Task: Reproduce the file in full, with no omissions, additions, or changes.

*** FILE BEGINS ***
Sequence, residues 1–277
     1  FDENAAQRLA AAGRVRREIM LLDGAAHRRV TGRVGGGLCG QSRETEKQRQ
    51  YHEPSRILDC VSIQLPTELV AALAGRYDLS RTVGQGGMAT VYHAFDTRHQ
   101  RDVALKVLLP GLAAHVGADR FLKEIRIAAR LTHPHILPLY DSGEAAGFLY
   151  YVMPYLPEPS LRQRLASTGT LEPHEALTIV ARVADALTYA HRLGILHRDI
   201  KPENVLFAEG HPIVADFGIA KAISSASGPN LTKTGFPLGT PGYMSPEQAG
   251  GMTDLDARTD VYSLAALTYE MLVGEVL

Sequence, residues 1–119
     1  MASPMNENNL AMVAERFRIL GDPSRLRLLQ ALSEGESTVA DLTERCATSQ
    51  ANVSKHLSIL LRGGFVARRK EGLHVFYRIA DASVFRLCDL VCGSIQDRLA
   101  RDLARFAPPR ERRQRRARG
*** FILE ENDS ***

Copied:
Sequence, residues 1–277
     1  FDENAAQRLA AAGRVRREIM LLDGAAHRRV TGRVGGGLCG QSRETEKQRQ
    51  YHEPSRILDC VSIQLPTELV AALAGRYDLS RTVGQGGMAT VYHAFDTRHQ
   101  RDVALKVLLP GLAAHVGADR FLKEIRIAAR LTHPHILPLY DSGEAAGFLY
   151  YVMPYLPEPS LRQRLASTGT LEPHEALTIV ARVADALTYA HRLGILHRDI
   201  KPENVLFAEG HPIVADFGIA KAISSASGPN LTKTGFPLGT PGYMSPEQAG
   251  GMTDLDARTD VYSLAALTYE MLVGEVL

Sequence, residues 1–119
     1  MASPMNENNL AMVAERFRIL GDPSRLRLLQ ALSEGESTVA DLTERCATSQ
    51  ANVSKHLSIL LRGGFVARRK EGLHVFYRIA DASVFRLCDL VCGSIQDRLA
   101  RDLARFAPPR ERRQRRARG